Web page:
Duluth training program for rural doctors feels money pinchA medical residency program in the heart of Duluth that trains future doctors to work in rural areas is being squeezed by decreasing funding and increased regulation, its director said.
By: John Lundy, Duluth News Tribune
A medical residency program in the heart of Duluth that trains future doctors to work in rural areas is being squeezed by decreasing funding and increased regulation, its director said.
“We’re trying to make sure that this program that’s really valuable to Minnesota has funding for the future,” said Dr. Roger Waage, program director of the Duluth Family Medical Residency Program, 330 N. Eighth Ave. E.
State Sen. Roger Reinert, DFL-Duluth, tried last week to steer money toward the Duluth program and similar programs in St. Cloud and Mankato but was unsuccessful. Reinert offered an amendment on the Senate floor on Thursday to appropriate $6.4 million to Medical Education Research Costs, which helps pay for the programs.
Reinert would have used a portion of the $73 million in health-care savings returned to taxpayers because of a voluntary 1 percent cap on 2011 profits agreed to last year between Commissioner of Human Services Lucinda Jesson and four major insurers, he said in a news release. The federal government would have matched the appropriation dollar for dollar, Reinert’s news release said.
Reinert’s amendment to the Health and Human Services Finance bill was defeated.
The money would have restored some of the funding that has been eroding in recent years at both the state and federal levels for the residency programs, Waage said.
“This is not something that just happened this year,” he said. “It’s been a slow, gradual slide.”
At the same time, added requirements from the Accreditation Council for Graduate Medical Education have made the residency program less efficient, Waage said.
“The accreditation rules are demanding more specific time for teaching,” he said. “People like me have multiple things to do, but they’re insisting on designated teaching time that is specified. I can’t have any other duties; I must be teaching.”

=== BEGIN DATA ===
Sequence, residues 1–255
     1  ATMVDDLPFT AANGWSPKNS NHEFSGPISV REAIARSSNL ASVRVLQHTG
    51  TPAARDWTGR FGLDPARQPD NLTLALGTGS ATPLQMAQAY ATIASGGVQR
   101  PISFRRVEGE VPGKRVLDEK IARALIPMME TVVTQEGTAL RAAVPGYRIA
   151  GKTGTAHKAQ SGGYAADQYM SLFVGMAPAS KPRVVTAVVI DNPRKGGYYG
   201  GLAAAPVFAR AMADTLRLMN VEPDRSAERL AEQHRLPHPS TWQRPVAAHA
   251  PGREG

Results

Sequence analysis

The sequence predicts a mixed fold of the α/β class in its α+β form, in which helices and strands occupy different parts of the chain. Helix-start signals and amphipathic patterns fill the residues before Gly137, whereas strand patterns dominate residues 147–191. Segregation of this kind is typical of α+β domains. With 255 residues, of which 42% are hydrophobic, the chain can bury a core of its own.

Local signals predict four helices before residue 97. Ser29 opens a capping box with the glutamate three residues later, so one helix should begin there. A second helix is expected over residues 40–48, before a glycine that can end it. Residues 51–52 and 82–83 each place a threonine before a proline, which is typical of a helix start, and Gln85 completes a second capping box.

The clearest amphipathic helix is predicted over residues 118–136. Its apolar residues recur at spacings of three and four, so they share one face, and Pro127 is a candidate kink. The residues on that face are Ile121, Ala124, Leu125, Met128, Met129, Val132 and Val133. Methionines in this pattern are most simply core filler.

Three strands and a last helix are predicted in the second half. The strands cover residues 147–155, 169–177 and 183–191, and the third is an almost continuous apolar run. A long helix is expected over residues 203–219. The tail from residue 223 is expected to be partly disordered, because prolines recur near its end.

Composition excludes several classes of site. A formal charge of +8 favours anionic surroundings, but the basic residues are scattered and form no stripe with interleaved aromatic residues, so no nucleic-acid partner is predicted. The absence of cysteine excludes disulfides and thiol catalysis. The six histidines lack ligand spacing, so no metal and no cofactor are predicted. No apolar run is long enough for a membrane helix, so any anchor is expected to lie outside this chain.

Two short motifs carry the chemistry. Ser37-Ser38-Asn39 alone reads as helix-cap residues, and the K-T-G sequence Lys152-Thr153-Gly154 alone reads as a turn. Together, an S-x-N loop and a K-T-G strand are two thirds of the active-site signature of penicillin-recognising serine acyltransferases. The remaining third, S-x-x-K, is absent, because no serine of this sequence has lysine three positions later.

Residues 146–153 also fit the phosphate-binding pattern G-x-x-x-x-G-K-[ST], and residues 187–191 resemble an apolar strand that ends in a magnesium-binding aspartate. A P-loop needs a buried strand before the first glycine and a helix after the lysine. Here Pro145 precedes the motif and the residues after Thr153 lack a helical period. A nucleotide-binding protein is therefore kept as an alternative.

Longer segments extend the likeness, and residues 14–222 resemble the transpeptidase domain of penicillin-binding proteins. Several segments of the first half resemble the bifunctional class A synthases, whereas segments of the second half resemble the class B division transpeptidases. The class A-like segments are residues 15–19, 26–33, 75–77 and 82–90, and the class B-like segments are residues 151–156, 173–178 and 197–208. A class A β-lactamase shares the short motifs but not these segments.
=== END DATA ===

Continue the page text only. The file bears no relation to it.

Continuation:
Although it’s associated with the University of Minnesota, the residency program is separate from the medical school and its campus in Duluth, Waage said. Formed 35 years ago, the residency program focuses on preparing doctors for rural practices.
“We have this reputation,” he said. “We are serving a great niche by filling many more jobs in rural Minnesota than are filled by any other residency program.”
The residency typically gets about 65 applicants for the 10 spots that are open each year in the three-year program. Residents serve in the Duluth Family Practice Clinic under the tutelage of Essentia Health and St. Luke’s physicians. It sees about 20,000 patient visits a year.
The program, which has a $6 million budget, has a staff of six doctors, a social worker and a diabetes educator, but also uses faculty from the community, some of whom serve without pay, Waage said.
People apply for the program because they are interested in serving away from cities, and about 80 percent ultimately do, he said. The residents learn skills that are particularly in demand in rural areas, such as the ability to perform Caesarean sections.
The Duluth program was one of the first of its kind, established ahead of the St. Cloud and Mankato programs, Waage said.
Reinert expressed his disappointment.
“Family practice programs around the state are on the edge of fiscal stability,” he said in the news release. “A loss of even one of these programs is a blow to health care in Minnesota.”